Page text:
11. Conference talks, Ensign articles, etc. may also be inspired, but they aren't binding "doctrine".

    "No authority of the Church when guided by the Holy Ghost will ever teach a doctrine that will be contrary to the revealed word of the Lord. He may express an opinion, a personal view, but in doing so he should so declare it. The writings of Paul were not sent forth to the saints in various parts of the world in their completeness as doctrine. There were times when Paul expressed his own opinion. The authorities of the Church have the same privilege..." (Joseph Fielding Smith)

    Joseph Fielding's statement is especially interesting because it tells us that some of Paul's writings (which are in the official, canonical standards works) are "his own opinion". This implies that even the standards works cannot be considered the ultimate authority on revealed truth (and places a greater burden on each of us individually to listen to the spirit in our search for truth.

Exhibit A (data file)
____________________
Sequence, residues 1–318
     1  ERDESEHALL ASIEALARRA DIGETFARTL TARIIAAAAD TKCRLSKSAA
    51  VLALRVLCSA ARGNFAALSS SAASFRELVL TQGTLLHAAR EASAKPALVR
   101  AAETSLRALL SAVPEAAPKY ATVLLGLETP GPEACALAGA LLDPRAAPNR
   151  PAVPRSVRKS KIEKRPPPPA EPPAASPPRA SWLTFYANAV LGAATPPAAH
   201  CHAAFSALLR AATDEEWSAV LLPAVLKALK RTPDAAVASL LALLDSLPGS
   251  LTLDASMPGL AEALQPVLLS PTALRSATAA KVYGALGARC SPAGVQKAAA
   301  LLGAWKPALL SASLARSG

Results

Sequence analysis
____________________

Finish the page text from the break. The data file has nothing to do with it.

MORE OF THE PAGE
"I have given some thought to this question, and the answer thereto so far as I can determine, is: We can tell when the speakers are 'moved upon by the Holy Ghost' only when we, ourselves, are 'moved upon by the Holy Ghost.' In a way, this completely shifts the responsibility from them to us to determine when they so speak." (J. Reuben Clark)

    There is no statement on homosexuality from a modern prophet in our canonized scripture. Those statements that do exist include a Levitical prohibition (and as Christians we believe that the Levitical law was "fulfilled" and no longer observe many of its proscriptions), and a couple of statements from Paul (who, according to one of our own Latter-day prophets, at time "expressed his own opinion"). There is no statement on homosexuality that can be considered absolutely the Word of God.